05 Mar 2020
Amid Coronavirus Lockdown, Harvard Business School Publishing Innovates for a Changing Work Culture in China
ShareBar

International corporate learning unit offers free online remote collaboration micro course to millions in China grappling with the challenges of COVID-19.

Over the Chinese Lunar New Year holiday, Liangliang Li, founder and CEO of Beijing Hubs Education and Technology, with whom Harvard Business School Publishing (HBP) has an exclusive partnership, approached Vinay Hebbar, HBP’s senior vice president for international markets, with an idea. “Organizations were sending volunteer health care teams and supplies to Wuhan to help with the outbreak. We asked ourselves how we could leverage Harvard’s resources and expertise to support the country. We thought a short course would help teams that were working remotely for the first time,” said Li. Hebbar approved the idea immediately. “Working remotely has not been an accepted practice in China; it runs counter to a culture that prizes long hours in the office. There is a real need to make it effective and efficient for both organizations and workers,” said Hebbar.

The multiple challenges that China presents for online learning—a firewall, different regulatory and legal concerns, culture and language barriers—has made a local partnership essential for deploying HBP’s corporate learning programs through Harvard ManagementMentor (HMM). Li, an alumnus of the HBS Executive Education Program for Leadership Development and former director of Executive Education Corporate Relations at Harvard Center Shanghai, had the resources, cultural competency, and institutional knowledge to effectively customize HBS and HBP content for the Chinese market. Eighteen months into the partnership, the COVID-19 outbreak hit, resulting in shuttered businesses and factories, suspended international flights, and extended national quarantines.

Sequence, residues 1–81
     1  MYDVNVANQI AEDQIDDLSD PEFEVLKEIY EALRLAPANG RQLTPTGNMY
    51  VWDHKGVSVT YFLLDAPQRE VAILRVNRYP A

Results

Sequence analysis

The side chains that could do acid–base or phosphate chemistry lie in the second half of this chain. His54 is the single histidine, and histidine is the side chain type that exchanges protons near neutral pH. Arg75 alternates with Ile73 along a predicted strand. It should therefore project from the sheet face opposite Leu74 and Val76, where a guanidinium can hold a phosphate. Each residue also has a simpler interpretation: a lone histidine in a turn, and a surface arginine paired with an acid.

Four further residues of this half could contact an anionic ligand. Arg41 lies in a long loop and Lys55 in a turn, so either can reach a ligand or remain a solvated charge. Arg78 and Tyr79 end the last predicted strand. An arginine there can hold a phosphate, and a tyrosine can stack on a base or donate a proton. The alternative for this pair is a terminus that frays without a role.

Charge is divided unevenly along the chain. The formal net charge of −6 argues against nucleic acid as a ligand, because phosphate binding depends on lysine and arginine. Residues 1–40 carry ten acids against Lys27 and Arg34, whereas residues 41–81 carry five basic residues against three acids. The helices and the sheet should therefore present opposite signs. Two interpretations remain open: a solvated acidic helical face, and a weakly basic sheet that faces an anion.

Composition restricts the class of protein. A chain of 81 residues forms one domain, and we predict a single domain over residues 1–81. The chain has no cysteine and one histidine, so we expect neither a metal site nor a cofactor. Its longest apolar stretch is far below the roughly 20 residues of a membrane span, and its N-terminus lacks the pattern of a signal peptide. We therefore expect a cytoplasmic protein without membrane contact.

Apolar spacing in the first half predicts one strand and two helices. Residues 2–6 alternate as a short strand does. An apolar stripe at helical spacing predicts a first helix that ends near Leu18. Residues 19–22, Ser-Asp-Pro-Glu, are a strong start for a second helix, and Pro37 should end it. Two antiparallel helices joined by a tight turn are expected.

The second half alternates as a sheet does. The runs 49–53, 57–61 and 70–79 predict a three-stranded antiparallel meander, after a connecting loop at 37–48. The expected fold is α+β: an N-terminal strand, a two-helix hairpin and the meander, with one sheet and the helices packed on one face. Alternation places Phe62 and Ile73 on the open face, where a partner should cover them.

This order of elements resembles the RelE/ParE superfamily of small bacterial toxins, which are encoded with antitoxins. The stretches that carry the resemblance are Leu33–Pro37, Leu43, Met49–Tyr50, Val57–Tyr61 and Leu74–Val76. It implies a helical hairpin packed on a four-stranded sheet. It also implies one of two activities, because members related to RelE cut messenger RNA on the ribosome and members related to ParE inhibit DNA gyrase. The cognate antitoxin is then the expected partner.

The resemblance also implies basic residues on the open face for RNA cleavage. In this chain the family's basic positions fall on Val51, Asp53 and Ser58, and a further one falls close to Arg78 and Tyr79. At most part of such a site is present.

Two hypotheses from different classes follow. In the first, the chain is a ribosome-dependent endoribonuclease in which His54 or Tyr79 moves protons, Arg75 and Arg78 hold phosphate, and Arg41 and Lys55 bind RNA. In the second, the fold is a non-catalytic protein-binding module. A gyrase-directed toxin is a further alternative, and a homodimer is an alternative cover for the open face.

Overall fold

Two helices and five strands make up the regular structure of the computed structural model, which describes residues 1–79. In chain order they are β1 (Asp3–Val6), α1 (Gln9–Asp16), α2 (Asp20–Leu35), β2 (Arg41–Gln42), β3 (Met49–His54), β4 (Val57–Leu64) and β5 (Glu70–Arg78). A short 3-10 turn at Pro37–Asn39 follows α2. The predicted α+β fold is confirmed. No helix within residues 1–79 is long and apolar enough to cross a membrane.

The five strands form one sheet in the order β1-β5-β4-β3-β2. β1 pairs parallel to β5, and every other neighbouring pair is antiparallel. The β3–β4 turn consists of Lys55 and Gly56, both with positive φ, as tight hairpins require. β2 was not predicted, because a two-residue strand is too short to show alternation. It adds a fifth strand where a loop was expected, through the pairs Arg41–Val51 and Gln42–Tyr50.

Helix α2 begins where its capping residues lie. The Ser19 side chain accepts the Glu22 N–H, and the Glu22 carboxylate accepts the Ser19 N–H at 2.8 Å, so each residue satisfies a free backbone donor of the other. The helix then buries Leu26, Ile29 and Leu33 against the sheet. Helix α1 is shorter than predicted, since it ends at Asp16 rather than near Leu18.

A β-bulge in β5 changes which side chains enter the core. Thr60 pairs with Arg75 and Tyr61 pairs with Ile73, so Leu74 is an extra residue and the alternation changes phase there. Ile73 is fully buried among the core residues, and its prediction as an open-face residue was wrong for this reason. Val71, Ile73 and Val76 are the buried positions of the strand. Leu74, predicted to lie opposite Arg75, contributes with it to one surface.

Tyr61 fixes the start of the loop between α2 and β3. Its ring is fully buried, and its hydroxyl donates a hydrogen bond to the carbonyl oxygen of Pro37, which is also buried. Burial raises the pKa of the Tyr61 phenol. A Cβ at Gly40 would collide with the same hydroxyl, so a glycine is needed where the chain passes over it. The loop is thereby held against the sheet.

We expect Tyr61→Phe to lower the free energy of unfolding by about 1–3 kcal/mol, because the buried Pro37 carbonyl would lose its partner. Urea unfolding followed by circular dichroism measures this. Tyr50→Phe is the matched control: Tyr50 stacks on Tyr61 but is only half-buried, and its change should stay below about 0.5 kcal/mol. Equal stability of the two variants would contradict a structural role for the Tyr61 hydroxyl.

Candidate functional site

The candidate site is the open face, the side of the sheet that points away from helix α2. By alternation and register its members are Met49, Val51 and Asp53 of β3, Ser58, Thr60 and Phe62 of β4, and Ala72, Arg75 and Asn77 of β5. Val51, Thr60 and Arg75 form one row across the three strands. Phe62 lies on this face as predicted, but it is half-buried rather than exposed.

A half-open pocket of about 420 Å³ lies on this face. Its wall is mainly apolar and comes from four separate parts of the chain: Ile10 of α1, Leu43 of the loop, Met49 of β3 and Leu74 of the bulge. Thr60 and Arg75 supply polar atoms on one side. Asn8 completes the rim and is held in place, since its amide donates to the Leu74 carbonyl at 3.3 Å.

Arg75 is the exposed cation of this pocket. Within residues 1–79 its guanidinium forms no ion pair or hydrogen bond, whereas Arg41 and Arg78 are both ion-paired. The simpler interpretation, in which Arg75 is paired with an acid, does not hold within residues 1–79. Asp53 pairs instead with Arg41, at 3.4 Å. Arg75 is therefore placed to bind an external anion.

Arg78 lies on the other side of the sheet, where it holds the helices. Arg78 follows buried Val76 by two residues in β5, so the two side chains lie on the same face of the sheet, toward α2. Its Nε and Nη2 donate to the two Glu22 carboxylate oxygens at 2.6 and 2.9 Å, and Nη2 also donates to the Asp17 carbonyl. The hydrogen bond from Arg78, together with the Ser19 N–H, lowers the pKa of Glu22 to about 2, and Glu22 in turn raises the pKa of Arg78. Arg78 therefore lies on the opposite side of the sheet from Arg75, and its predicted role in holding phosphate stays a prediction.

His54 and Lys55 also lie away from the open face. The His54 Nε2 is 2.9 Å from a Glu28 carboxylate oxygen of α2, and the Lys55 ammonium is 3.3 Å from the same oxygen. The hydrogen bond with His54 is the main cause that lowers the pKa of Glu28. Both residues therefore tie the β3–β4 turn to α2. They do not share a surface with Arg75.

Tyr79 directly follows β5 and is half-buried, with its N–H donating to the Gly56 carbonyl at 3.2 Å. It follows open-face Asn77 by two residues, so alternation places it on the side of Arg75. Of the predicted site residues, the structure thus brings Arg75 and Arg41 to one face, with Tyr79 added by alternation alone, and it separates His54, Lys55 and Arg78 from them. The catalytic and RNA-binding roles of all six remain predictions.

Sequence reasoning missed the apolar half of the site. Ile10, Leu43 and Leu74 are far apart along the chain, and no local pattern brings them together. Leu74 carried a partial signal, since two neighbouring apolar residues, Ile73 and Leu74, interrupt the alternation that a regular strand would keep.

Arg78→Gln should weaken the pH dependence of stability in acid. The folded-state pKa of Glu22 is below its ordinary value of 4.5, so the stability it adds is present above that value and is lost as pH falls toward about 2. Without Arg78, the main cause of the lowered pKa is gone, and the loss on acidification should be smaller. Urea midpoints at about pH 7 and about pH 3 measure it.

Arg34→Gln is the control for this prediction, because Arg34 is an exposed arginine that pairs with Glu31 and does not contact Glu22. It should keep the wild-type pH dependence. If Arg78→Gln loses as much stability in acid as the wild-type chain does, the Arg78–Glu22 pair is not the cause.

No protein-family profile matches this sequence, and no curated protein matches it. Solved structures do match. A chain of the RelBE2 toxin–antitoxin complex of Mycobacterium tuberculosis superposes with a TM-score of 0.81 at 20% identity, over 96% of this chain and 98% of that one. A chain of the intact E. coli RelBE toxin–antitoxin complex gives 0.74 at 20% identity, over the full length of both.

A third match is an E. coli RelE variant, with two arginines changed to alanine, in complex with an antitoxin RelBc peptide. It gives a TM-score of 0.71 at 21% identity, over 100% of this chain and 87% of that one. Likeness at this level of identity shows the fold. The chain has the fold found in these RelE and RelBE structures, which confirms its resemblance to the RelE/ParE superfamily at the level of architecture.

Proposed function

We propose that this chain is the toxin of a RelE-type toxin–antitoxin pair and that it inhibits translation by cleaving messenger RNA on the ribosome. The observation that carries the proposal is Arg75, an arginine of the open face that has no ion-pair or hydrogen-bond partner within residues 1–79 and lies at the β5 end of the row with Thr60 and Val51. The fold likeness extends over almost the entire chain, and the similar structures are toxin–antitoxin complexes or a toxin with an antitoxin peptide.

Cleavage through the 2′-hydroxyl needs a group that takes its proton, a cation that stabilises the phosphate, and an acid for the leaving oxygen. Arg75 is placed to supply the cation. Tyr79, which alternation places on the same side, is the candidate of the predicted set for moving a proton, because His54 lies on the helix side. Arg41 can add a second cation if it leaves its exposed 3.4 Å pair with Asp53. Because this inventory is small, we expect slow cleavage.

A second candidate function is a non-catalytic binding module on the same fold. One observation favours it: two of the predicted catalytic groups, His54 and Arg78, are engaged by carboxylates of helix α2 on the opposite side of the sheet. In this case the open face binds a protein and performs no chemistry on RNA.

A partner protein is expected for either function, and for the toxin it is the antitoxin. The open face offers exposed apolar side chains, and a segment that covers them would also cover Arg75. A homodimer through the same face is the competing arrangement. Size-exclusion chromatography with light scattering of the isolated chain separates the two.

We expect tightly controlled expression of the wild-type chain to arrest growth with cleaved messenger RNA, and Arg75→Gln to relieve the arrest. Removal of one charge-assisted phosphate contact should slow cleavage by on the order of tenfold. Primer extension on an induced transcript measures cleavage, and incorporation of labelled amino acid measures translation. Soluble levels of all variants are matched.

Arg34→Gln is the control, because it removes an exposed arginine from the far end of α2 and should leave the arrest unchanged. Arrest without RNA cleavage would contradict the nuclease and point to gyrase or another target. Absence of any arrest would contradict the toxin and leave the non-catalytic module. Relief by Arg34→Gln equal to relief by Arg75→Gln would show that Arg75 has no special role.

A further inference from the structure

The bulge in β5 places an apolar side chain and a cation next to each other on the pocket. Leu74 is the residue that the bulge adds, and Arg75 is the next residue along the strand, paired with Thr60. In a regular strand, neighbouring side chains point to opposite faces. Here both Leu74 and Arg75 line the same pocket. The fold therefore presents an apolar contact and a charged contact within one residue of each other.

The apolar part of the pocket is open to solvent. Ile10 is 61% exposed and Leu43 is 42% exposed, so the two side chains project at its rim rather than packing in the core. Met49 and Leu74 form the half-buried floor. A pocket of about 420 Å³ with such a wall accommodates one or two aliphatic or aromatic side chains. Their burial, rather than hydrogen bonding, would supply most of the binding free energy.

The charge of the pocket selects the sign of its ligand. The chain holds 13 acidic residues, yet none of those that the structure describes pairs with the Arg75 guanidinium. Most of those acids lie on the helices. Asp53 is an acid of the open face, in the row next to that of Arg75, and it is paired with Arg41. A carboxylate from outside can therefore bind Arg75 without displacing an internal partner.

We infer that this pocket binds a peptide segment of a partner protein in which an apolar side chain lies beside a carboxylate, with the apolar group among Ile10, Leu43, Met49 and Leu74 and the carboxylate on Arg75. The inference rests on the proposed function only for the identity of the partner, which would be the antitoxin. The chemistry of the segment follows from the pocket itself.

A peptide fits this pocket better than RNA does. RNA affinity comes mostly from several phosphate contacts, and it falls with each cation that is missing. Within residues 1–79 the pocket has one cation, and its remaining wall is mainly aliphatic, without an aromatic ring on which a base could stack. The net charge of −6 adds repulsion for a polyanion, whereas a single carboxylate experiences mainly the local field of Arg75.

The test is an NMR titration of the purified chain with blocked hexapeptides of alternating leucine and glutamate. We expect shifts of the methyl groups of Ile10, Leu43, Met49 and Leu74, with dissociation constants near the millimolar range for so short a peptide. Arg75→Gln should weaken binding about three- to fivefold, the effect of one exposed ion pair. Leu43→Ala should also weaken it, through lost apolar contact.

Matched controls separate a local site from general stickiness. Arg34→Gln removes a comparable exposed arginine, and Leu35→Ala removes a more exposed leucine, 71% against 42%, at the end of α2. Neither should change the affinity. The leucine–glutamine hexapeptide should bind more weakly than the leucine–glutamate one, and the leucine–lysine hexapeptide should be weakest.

Within two days of his initial proposal, Li’s team finalized a new micro version of HMM’s Remote Collaboration course, which launched the morning of February 3. To deploy it as widely and efficiently as possible, Li also requested that clients be allowed to bypass the more time-consuming technical platform integration, and host the package on their own systems. Currently, there are 1,236 companies registered, authorizing 15,282,184 users.

“These numbers are amazing and remarkable,” said Hebbar. “You might think that learning and development would take a back seat in times like this, as people wrestle with the fundamental issues of illness, quarantines, and closing businesses. Even in this context, China has chosen to invest in learning.” Senior Associate Dean, External Relations and Harvard Business Publishing Das Narayandas agrees. “We are thrilled to be able to offer even a small solution to some of the challenges being faced in China at this time. We’ve seen that in times of crisis, the most resilient firms are those that are able to be flexible and adaptable. Sometimes uncertainty can act as a catalyst for positive change in a business,” said Narayandas.

Post a Comment